Who lost and who won in Hoffman’s Revolution?
SARANAC LAKE, N.Y. — If a Hollywood producer were casting for the role of a revolutionary hero, no talent agent would send Doug Hoffman to the audition. Yet the Hoffman congressional campaign has ignited a revolution within the Republican Party, the results of which are already being felt.
Even while the Hoffman campaign’s early-evening “cautious optimism” gave way to concern — with staffers huddling in the “war room” here at the Hotel Saranac — one official of New York’s Conservative Party was already in a celebratory mood, laughing as he yelled into his cell phone: “Guess who will not be representing the 23rd District? Dede Scozzafava!”
The liberal Republican Scozzafava suspended her campaign four days before Election Day, but still got about 7,000 votes — a number greater than the margin of victory for the Democrat she endorsed, Bill Owens. Her defeat was victory enough for some conservatives, on a night when the GOP swept the off-off-year gubernatorial elections in Virginia and New Jersey. And the candidate who drove Scozzafava out of the race struck a defiant tone in conceding his narrow loss to Owens.
“This one was worth the fight.…. And this is only one fight in the battle,” said Hoffman, an accountant who began his campaign as an utter unknown but finished as the hero of what John Gizzi of Human Events called a nationwide “crusade” by conservatives.
Like Hoffman, conservatives are in a fighting mood and in the 23rd District campaign, they demonstrated a willingness to fight — and win — against a GOP establishment that showed its political tone-deafness by picking Scozzafava for the nomination and then spending a reported $900,000 on her doomed campaign.
“There were two fights here,” Hoffman press aide Sandy Caligiore said after the candidate’s wee-hours concession speech. “We won one and we lost one.”
Republicans who supported Scozzafava, including Newt Gingrich, had warned that the Hoffman campaign risked electing a Democrat in a district that had sent Republicans to Congress since before the Civil War. They will likely rush to claim vindication, but the fight that conservatives waged for Hoffman has not ended with this one battle.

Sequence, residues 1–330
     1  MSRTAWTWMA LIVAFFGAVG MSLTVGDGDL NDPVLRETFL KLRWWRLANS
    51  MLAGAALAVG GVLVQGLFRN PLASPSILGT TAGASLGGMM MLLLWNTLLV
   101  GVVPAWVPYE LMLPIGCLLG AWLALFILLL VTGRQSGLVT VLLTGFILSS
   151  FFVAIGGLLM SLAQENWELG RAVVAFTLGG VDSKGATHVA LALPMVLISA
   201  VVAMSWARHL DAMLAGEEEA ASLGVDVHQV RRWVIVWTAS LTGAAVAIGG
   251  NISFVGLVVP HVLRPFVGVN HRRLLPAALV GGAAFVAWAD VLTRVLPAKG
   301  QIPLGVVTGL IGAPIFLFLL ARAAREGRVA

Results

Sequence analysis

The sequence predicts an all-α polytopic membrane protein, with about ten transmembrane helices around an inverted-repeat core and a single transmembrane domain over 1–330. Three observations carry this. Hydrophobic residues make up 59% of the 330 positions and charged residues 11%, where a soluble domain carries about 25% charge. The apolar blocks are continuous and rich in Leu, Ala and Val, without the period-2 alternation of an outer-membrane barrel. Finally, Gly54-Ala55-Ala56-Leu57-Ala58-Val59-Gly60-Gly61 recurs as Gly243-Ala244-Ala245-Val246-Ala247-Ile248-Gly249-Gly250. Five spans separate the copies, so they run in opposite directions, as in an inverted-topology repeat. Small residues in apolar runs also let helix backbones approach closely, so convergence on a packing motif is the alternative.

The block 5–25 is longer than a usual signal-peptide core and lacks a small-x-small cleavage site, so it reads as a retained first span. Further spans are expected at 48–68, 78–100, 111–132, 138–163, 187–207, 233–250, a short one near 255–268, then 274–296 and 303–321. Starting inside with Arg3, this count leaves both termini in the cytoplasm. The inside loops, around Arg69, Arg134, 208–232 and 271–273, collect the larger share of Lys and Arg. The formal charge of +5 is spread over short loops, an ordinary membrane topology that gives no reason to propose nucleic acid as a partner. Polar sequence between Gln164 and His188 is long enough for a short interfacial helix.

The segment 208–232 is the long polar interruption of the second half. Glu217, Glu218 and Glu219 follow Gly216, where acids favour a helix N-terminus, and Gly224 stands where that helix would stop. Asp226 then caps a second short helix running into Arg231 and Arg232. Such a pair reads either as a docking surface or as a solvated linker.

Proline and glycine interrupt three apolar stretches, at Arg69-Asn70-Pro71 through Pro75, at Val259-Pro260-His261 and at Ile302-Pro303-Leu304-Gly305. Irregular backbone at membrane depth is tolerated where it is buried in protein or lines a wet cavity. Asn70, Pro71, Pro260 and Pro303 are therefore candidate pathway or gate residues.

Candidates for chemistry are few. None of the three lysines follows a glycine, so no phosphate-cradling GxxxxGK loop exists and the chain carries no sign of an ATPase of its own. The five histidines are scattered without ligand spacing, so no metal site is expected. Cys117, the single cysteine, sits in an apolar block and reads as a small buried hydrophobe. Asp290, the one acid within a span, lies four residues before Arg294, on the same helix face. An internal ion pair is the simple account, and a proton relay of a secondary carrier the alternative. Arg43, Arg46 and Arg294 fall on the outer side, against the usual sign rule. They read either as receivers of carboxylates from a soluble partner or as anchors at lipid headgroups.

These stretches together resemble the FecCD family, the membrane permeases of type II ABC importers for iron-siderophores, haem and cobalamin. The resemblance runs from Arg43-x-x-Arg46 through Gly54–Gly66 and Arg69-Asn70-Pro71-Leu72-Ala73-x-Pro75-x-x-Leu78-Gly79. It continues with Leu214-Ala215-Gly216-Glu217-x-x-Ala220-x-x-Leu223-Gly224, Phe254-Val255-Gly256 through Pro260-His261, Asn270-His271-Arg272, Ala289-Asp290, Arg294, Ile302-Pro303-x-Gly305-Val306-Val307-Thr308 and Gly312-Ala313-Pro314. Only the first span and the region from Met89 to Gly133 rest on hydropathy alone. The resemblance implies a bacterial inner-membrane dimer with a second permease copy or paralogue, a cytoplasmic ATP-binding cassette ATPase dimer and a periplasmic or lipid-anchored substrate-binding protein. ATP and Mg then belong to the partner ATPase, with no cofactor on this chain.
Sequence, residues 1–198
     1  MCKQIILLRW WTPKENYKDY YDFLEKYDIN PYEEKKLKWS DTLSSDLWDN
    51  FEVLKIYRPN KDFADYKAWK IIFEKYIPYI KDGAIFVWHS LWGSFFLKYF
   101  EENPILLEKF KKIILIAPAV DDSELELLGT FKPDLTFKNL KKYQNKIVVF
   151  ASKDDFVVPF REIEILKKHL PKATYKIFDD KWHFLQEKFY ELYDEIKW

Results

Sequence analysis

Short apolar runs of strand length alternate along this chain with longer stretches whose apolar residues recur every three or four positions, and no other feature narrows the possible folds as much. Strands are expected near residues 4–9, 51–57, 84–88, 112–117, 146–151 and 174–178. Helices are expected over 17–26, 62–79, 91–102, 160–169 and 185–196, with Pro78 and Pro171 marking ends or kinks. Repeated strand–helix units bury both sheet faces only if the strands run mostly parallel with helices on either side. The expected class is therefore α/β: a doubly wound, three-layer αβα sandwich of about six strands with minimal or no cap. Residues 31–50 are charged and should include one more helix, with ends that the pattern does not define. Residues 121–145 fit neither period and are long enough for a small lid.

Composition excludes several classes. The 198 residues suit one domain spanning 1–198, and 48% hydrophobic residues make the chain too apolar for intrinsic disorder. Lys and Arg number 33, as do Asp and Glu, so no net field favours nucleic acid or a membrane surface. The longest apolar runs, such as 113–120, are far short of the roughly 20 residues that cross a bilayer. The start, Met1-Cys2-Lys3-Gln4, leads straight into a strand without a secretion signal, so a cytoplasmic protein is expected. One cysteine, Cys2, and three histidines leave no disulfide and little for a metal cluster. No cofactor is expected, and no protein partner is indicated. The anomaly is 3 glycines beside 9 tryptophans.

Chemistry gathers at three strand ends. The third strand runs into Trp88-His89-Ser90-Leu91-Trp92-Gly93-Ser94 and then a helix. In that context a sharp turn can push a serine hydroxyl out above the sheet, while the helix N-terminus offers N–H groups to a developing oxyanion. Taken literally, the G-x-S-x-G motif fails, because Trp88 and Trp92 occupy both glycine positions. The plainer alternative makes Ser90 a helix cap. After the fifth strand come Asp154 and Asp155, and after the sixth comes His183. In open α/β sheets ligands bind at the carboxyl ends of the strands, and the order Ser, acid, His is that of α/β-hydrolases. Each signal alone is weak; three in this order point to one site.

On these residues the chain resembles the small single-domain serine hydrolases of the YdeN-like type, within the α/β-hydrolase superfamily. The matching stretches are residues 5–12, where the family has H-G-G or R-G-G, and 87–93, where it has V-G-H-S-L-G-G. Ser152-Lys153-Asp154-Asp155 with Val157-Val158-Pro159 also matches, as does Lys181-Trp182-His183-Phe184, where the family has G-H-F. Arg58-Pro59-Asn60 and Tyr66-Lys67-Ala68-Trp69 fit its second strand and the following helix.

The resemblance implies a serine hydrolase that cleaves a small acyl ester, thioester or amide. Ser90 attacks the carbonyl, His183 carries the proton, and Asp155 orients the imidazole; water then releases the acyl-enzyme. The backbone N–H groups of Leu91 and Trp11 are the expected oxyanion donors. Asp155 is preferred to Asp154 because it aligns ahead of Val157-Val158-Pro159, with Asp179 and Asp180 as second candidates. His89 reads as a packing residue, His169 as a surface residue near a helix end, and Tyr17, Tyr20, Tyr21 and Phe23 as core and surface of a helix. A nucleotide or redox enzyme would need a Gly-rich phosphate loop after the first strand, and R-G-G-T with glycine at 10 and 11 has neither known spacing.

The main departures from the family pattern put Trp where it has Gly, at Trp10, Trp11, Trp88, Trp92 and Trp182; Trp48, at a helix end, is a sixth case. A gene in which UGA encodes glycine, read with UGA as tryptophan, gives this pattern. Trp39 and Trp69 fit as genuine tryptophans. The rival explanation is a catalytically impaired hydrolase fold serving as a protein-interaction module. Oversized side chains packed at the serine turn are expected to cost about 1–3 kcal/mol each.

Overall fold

Erick Erickson, whose Red State blog helped lead the online brigade of Hoffman’s grassroots army, declared the 23rd District result a “huge win for conservatives.”
The Hoffman campaign “demonstrated to the GOP that it must not take conservatives for granted.… The GOP had better pay attention,” Erickson said, indicating the next key target in the conservative fight against the Republican establishment.
“For all intents and purposes, NY-23 is a trial run for Florida.… If John Cornyn and the NRSC do not want to see Florida go the way of NY-23, they better stand down,” Erickson said.
That message was aimed at the Texas senator who, as chairman of the National Republican Senatorial Committee, endorsed Florida Gov. Charlie Crist in next year’s Senate race more than a year ahead of the August 2010 primary. Conservatives have rallied to the insurgent campaign of Marco Rubio, the former speaker of the state House.
Unlike the unusual New York special election — where GOP insiders picked Scozzafava without voter input — the Florida Senate race will give conservatives a chance to fight the establishment head-on in a Republican primary. The NRSC’s premature choice of Crist is already looking like a bad bet, and the conservative defiance of GOP leadership that drove the Hoffman campaign may once more prove its potency in Florida.
In conceding defeat, Hoffman said his campaign had proved that ordinary citizens could “fight back” against the establishment. “You don’t have to be polished. You don’t have to be poised. You don’t have to be a rock star,” he said. “Stand up and fight back.”
Hoffman was willing to fight, and whatever the future may hold for him, his willingness to stand up against the Republican establishment has already made him a hero.
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